Cermets
MMC with ceramic contained in a metallic matrix
• The ceramic often dominates the mixture,
  sometimes up to 96% by volume
• Bonding can be enhanced by slight solubility
  between phases at elevated temperatures used in
  processing
• Cermets can be subdivided into
  1. Cemented carbides – most common
  2. Oxide-based cermets – less common


     Manufacturing Processes
       Prof David Veazie
                                         Composites Lecture
                               Cemented Carbides
One or more carbide compounds bonded in a metallic
  matrix
• The term cermet is not used for all of these materials,
  even though it is technically correct
• Common cemented carbides are based on tungsten
  carbide (WC), titanium carbide (TiC), and chromium
  carbide (Cr3C2)
• Tantalum carbide (TaC) and others are less common
• Metallic binders: usually cobalt (Co) or nickel (Ni)



     Manufacturing Processes
       Prof David Veazie
                                           Composites Lecture
Figure 9.8 - Photomicrograph (about 1500X) of cemented carbide
   with 85% WC and 15% Co (photo courtesy of Kennametal Inc.)


     Manufacturing Processes
       Prof David Veazie
                                     Composites Lecture
Figure 9.9 - Typical plot of hardness and transverse rupture
            strength as a function of cobalt content

  Manufacturing Processes
    Prof David Veazie
                                     Composites Lecture
    Applications of Cemented Carbides
• Tungsten carbide cermets (Co binder) - cutting tools
  are most common; other: wire drawing dies, rock
  drilling bits and other mining tools, dies for powder
  metallurgy, indenters for hardness testers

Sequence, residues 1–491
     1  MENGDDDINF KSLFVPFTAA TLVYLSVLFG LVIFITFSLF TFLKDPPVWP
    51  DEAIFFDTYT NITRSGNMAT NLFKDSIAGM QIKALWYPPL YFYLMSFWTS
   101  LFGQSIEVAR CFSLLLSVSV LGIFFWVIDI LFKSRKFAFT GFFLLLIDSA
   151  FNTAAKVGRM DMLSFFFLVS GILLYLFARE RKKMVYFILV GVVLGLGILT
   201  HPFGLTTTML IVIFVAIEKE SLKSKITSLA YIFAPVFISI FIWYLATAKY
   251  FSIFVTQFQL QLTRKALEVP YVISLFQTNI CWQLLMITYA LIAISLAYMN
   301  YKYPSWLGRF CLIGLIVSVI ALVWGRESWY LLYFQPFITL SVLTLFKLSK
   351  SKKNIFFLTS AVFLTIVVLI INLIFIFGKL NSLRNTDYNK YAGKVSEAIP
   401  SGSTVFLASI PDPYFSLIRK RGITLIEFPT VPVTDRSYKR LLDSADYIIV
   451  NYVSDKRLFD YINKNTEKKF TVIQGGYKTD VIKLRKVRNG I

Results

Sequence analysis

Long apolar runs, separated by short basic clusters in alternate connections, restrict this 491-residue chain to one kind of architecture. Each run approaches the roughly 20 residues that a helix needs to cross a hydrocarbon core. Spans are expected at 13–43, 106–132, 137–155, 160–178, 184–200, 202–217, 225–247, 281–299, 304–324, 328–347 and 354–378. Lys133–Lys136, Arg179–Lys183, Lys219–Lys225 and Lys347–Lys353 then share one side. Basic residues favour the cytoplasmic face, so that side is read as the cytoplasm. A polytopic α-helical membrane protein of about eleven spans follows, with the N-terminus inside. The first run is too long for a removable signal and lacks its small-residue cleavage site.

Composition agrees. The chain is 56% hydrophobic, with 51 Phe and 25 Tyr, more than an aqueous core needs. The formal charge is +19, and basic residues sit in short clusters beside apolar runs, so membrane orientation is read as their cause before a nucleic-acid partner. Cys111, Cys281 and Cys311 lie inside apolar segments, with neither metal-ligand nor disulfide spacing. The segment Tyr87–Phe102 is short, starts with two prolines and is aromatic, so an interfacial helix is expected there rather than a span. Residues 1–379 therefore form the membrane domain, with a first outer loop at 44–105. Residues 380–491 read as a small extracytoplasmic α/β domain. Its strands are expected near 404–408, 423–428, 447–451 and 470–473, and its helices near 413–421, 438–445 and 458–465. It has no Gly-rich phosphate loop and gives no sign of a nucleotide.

• Titanium carbide cermets (Ni binder) - high
  temperature applications such as gas-turbine nozzle
  vanes, valve seats, thermocouple protection tubes,
  torch tips, cutting tools for steels
• Chromium carbides cermets (Ni binder) - gage
  blocks, valve liners, spray nozzles, bearing seal rings

     Manufacturing Processes
       Prof David Veazie
                                   Composites Lecture
    Ceramic Matrix Composites (CMCs)
A ceramic primary phase imbedded with a secondary
  phase, which usually consists of fibers
• Attractive properties of ceramics: high stiffness,
  hardness, hot hardness, and compressive strength;
  and relatively low density
• Weaknesses of ceramics: low toughness and bulk
  tensile strength, susceptibility to thermal cracking
• CMCs represent an attempt to retain the desirable
  properties of ceramics while compensating for their
  weaknesses

     Manufacturing Processes
       Prof David Veazie
                                  Composites Lecture
   Polymer Matrix Composites (PMCs)
A polymer primary phase in which a secondary phase is
  imbedded as fibers, particles, or flakes
• Commercially, PMCs are more important than MMCs
  or CMCs
• Examples: most plastic molding compounds, rubber
  reinforced with carbon black, and fiber-reinforced
  polymers (FRPs)
• FRPs are most closely identified with the term
  composite


     Manufacturing Processes
       Prof David Veazie
                                Composites Lecture
    Fiber-Reinforced Polymers (FRPs)
A PMC consisting of a polymer matrix imbedded with
  high-strength fibers
• Polymer matrix materials:
    Usually a thermosetting (TS) plastic such as
     unsaturated polyester or epoxy
    Can also be thermoplastic (TP), such as nylons
     (polyamides), polycarbonate, polystyrene, and
     polyvinylchloride
    Fiber reinforcement is widely used in rubber
     products such as tires and conveyor belts

     Manufacturing Processes
       Prof David Veazie
                                 Composites Lecture